Folic Acid Tablets For Pregnancy: What You Should Know About It?

Folic Acid Tablets For Pregnancy

What is Folic Acid?

Folic acid, a form of vitamin B9, is commonly known as folate. When obtained from natural food sources, it's referred to as folate, while when synthesized for supplementation or food fortification, it's termed folic acid.

Crucial during pregnancy, folic acid plays a pivotal role in preventing specific birth defects. It is vital for DNA production, repair, and function – the genetic blueprint and fundamental component of cells. This nutrient is essential for the rapid cell growth of both the placenta and the developing baby. Folic acid is also necessary for the production of normal red blood cells, preventing folate-deficiency anemia. It aids in averting certain birth defects and contributes to the healthy development of both the placenta and the baby.

Why is Folic Acid Essential During Pregnancy?

For pregnant individuals or those planning to conceive, ensuring an adequate intake of folic acid is of paramount importance due to its role in preventing neural tube defects (NTDs), such as spina bifida (affecting the spinal cord) and anencephaly (affecting the brain). The neural tube, which develops into the baby's spine and brain, forms during the early weeks of pregnancy, often before pregnancy is even detected. Thus, initiating folic acid supplementation prior to conception is crucial.

In addition to significantly reducing the risk of NTDs, sufficient folic acid intake may also lower the likelihood of:

  • Cleft lip and cleft palate
  • Certain congenital heart defects
  • Gestational diabetes
  • Preterm birth

How Much Folic Acid Is Necessary For Pregnancy?

You require 600 micrograms (mcg) of folic acid during pregnancy. Meeting this requirement solely through diet can be challenging, so it's advisable to supplement your intake.

Researcher suggest that all women of childbearing age take a daily supplement containing 400 mcg of folic acid. It's best to commence supplementation at least a month before attempting to conceive and continue throughout pregnancy. Certain organizations recommend increasing daily supplementation to 600 mcg once pregnancy is confirmed and maintaining this intake throughout pregnancy. Additionally, the NIH advises taking 500 mcg of folic acid daily while breastfeeding.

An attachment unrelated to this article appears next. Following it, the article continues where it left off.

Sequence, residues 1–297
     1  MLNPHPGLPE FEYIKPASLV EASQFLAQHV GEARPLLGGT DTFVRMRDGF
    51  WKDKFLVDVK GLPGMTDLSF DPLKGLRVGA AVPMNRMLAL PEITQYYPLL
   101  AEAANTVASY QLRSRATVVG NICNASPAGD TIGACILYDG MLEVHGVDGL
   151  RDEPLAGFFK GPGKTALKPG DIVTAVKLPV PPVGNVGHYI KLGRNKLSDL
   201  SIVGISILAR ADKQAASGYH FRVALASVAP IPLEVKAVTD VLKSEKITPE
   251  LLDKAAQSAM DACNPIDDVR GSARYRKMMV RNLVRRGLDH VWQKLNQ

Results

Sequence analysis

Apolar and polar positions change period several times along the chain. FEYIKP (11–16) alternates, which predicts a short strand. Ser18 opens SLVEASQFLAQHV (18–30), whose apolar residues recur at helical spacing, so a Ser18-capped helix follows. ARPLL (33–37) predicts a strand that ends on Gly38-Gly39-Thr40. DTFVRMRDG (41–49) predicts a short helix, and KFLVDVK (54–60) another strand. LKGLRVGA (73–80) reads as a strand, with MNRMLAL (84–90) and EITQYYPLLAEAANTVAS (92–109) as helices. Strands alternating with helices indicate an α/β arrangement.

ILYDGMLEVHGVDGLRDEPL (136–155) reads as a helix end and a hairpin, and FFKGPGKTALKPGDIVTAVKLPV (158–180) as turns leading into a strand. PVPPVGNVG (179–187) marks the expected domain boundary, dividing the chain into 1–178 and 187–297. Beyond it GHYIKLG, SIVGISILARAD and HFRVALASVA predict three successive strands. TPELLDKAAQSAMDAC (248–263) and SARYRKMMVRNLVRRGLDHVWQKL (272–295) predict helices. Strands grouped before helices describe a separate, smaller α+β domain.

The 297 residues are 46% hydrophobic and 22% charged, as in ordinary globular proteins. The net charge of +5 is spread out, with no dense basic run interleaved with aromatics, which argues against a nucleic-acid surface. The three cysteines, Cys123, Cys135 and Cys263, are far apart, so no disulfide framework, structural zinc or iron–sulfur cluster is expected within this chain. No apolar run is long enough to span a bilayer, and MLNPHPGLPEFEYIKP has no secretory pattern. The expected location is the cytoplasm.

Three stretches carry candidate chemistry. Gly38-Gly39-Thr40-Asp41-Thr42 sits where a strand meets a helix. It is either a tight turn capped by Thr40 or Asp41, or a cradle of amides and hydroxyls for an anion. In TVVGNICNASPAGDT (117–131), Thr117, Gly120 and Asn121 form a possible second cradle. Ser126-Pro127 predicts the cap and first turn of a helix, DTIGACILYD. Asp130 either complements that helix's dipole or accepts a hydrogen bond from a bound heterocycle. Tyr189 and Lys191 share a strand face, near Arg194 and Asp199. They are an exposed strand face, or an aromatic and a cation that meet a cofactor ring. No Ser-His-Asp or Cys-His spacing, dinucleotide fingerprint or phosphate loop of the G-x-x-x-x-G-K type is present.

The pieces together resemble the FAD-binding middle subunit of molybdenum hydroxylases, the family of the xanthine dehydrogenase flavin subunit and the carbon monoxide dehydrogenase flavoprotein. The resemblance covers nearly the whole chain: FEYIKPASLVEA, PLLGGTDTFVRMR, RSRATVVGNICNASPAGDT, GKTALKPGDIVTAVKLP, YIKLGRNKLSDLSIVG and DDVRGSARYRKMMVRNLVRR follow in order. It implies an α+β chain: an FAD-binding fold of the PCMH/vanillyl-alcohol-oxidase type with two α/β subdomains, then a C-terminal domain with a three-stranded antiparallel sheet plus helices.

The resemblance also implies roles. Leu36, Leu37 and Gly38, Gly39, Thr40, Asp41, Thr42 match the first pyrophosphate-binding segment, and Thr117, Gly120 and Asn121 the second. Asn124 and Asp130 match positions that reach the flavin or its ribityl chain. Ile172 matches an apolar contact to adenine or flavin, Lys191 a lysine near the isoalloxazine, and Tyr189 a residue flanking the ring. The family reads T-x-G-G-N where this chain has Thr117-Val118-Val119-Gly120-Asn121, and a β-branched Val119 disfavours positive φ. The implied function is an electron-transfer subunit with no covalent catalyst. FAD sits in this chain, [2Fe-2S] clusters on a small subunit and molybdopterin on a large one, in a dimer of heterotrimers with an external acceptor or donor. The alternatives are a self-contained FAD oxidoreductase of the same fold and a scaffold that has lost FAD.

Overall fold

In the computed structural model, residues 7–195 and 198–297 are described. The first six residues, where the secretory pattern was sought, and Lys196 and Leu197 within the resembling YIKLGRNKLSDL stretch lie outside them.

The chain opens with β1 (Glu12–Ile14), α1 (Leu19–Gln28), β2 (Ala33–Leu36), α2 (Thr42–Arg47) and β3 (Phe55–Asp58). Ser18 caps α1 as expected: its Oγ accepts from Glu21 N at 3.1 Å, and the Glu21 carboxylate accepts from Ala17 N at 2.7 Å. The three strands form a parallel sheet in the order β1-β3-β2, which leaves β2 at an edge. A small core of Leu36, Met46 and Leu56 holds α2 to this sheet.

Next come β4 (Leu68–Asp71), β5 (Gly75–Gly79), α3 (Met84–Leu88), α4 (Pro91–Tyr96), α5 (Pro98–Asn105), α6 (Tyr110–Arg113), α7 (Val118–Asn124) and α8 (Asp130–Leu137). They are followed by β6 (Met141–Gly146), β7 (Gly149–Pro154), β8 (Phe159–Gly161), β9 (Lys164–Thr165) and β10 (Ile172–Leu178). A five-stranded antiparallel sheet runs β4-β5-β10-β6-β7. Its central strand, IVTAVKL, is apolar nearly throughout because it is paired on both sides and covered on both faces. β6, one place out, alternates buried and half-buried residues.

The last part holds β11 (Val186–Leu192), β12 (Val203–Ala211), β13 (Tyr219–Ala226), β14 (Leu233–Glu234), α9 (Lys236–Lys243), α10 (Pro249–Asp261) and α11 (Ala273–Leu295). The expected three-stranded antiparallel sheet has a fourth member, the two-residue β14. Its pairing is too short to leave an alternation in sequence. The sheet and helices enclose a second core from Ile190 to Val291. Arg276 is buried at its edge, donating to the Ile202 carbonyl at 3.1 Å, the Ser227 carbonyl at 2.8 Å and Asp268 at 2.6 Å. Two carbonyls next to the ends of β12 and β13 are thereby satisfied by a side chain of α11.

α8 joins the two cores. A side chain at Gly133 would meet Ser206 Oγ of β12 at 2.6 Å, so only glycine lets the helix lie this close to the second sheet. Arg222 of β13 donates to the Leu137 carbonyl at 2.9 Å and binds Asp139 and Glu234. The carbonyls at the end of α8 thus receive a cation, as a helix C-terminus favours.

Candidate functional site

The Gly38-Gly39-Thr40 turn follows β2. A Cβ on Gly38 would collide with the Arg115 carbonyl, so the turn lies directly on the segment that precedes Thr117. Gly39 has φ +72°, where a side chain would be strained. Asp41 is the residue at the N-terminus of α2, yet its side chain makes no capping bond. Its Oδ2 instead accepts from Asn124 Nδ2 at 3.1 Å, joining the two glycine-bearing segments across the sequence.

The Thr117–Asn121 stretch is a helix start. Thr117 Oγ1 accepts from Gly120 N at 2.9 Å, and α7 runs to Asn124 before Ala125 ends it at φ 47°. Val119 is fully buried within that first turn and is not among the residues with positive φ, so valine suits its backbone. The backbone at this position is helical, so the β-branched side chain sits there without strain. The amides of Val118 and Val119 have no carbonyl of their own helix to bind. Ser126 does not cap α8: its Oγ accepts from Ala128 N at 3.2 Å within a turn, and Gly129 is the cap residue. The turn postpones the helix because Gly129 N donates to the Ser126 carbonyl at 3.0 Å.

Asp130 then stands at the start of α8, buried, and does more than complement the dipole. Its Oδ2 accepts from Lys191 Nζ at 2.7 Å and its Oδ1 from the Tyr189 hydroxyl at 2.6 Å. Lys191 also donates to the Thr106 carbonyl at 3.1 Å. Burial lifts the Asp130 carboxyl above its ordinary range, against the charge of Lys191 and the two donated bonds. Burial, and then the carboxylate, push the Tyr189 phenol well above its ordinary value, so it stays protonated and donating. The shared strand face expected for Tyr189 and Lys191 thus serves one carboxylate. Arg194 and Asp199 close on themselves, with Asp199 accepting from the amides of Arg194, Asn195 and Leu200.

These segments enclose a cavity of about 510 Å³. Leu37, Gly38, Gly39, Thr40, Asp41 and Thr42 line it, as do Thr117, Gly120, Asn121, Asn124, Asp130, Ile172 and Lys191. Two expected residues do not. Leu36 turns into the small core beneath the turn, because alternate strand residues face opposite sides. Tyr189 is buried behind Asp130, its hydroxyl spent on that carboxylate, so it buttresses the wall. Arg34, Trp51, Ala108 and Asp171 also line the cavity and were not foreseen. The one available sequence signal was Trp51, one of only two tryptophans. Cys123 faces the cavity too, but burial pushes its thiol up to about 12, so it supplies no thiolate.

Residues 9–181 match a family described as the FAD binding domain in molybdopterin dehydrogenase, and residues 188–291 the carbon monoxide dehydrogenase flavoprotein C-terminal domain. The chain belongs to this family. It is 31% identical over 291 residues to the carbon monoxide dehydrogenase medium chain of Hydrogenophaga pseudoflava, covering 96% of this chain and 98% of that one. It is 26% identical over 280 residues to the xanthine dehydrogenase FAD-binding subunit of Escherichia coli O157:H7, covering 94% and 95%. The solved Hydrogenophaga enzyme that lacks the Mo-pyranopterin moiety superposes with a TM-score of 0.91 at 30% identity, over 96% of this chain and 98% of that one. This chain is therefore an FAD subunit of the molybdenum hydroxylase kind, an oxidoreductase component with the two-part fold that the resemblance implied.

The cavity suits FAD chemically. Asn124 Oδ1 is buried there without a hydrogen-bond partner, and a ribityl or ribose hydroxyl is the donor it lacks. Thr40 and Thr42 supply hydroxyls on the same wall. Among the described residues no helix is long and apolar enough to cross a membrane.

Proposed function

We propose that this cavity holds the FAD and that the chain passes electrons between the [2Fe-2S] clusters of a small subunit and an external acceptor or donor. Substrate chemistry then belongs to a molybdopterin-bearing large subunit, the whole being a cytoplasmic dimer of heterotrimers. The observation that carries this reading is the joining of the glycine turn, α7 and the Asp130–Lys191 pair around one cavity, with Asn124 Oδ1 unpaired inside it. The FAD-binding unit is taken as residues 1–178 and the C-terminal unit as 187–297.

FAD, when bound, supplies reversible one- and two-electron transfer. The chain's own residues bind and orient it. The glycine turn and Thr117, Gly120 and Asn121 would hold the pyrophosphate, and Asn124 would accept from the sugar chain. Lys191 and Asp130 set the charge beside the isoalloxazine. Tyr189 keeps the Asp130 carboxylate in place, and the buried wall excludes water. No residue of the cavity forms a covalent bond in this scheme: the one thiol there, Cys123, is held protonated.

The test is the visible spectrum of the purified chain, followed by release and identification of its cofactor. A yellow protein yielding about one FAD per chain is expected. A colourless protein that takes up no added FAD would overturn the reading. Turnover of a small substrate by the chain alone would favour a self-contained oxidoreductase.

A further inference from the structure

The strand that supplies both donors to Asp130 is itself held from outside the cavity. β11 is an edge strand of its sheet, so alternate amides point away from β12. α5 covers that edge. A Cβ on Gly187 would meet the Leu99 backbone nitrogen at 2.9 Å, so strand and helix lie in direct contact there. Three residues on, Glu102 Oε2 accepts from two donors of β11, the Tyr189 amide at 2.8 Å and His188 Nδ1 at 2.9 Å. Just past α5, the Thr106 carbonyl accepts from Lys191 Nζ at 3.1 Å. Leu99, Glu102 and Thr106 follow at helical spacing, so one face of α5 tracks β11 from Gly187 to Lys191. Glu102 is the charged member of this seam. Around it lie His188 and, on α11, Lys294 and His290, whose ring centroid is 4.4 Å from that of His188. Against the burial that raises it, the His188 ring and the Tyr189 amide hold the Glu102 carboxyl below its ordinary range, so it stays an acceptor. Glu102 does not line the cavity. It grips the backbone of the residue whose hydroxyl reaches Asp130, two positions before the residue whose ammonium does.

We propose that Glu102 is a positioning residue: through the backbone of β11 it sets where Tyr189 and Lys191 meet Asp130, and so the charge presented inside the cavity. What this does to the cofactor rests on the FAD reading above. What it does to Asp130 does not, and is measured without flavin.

As individual needs vary, consult your healthcare provider to determine the appropriate folic acid dosage for you. Review the folic acid content of your prenatal vitamin on its label. If it falls short, consider switching brands or taking a separate folic acid supplement. However, refrain from consuming more than one prenatal vitamin or multivitamin per day.

Do I Require Additional Folic Acid?

Some individuals may require higher doses of folic acid beyond the standard recommendation. It's essential to discuss your folic acid needs with your healthcare provider if any of the following circumstances apply to you:

  • History of a previous pregnancy with a baby affected by a neural tube defect (NTD), you or your partner has an NTD, or your partner has a child with an NTD. In such cases, your provider may recommend a daily intake of 4,000 mcg of folic acid for at least three months before conception and during the initial three months of pregnancy. Post this period, your provider will advise on the appropriate dosage.
  • Diabetic or taking specific antileisure medications. These conditions elevate the risk of having a baby with an NTD. It's advisable to consult your provider at least a month before attempting to conceive to determine the appropriate folic acid dosage and overall condition monitoring.
  • Diagnosis of celiac disease, inflammatory bowel disease (IBD), or a digestive disorder. These conditions can hinder folate absorption.
  • Expecting twins. If you're pregnant with multiples, your healthcare provider may suggest a daily intake of up to 1,000 mcg of folic acid.

What Are The Side Effects For Folic Acid

In general, folic acid is well-tolerated by most individuals when taken at doses below 1,000 mcg per day. Most people don't have problems when they get enough folate from food. But taking too much folic acid for a long time might cause:

  • Abdominal cramps
  • Diarrhea
  • Nausea
  • Gas
  • Sleep disturbances
  • Irritability
  • Confusion

Symptoms Of A Folic Acid Deficiency

The signs of not having enough folic acid can be hard to spot. Even if you have a mild deficiency, you might not feel any symptoms, but it means you're not getting the best amount of folic acid for your baby's early growth. If you do notice signs, they could be:

  • Fatigue and weakness: These are common early signs of a folic acid deficiency.
  • Shortness of breath: Feeling winded even with minimal exertion can be a symptom.
  • Headaches: Frequent headaches can be a red flag.
  • Pale skin: Pallor can indicate a deficiency affecting red blood cell production.
  • Tingling or prickling in hands and feet: This uncomfortable sensation can be a sign of nerve damage.
  • Mouth sores: These can develop in severe cases of folic acid deficiency.
  • Diarrhea: Upset stomach and loose stools can occur.
  • Confusion: In severe deficiency, cognitive issues like confusion may arise.